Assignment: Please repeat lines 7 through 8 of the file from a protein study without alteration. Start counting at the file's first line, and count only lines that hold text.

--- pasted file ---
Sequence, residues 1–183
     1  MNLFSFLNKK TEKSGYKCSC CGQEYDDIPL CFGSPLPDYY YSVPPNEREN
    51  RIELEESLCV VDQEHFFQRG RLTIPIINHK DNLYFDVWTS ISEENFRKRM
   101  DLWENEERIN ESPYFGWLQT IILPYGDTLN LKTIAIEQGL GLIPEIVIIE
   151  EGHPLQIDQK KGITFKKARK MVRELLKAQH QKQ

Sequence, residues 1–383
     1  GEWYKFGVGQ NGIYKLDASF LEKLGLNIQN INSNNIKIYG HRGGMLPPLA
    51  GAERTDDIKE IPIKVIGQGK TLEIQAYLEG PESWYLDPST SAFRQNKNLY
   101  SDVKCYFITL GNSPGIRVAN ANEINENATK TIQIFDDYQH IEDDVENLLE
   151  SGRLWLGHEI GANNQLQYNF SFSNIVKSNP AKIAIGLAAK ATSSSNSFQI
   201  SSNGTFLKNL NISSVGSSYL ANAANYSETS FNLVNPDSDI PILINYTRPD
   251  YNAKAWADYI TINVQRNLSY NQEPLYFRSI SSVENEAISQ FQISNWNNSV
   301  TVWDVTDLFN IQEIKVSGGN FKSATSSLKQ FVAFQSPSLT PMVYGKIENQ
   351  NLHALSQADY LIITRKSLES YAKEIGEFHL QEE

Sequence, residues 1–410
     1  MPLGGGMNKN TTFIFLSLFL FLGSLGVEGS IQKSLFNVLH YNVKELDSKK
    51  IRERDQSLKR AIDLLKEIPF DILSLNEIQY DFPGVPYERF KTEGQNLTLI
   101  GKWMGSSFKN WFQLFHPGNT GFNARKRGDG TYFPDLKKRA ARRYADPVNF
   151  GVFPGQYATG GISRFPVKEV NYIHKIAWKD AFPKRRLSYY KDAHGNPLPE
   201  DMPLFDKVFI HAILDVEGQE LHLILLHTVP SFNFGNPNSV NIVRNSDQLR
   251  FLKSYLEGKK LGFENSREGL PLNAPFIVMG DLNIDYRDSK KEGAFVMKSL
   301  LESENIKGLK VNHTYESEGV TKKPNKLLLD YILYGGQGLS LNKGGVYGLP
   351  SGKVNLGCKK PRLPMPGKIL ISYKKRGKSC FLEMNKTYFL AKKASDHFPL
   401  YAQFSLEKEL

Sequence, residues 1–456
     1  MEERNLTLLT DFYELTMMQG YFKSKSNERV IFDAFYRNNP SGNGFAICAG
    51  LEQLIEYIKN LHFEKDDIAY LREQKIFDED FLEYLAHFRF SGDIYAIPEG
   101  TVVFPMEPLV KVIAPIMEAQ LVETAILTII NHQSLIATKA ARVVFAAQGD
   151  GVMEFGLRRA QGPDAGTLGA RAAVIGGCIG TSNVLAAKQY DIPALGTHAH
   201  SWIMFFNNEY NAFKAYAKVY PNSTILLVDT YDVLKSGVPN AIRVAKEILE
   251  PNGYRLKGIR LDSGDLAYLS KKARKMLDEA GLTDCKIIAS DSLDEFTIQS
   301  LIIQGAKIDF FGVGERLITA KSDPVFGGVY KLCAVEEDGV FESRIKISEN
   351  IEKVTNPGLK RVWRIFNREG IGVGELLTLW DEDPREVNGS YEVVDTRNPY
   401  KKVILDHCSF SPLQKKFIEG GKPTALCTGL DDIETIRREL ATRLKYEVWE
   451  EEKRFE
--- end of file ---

     1  GEWYKFGVGQ NGIYKLDASF LEKLGLNIQN INSNNIKIYG HRGGMLPPLA
    51  GAERTDDIKE IPIKVIGQGK TLEIQAYLEG PESWYLDPST SAFRQNKNLY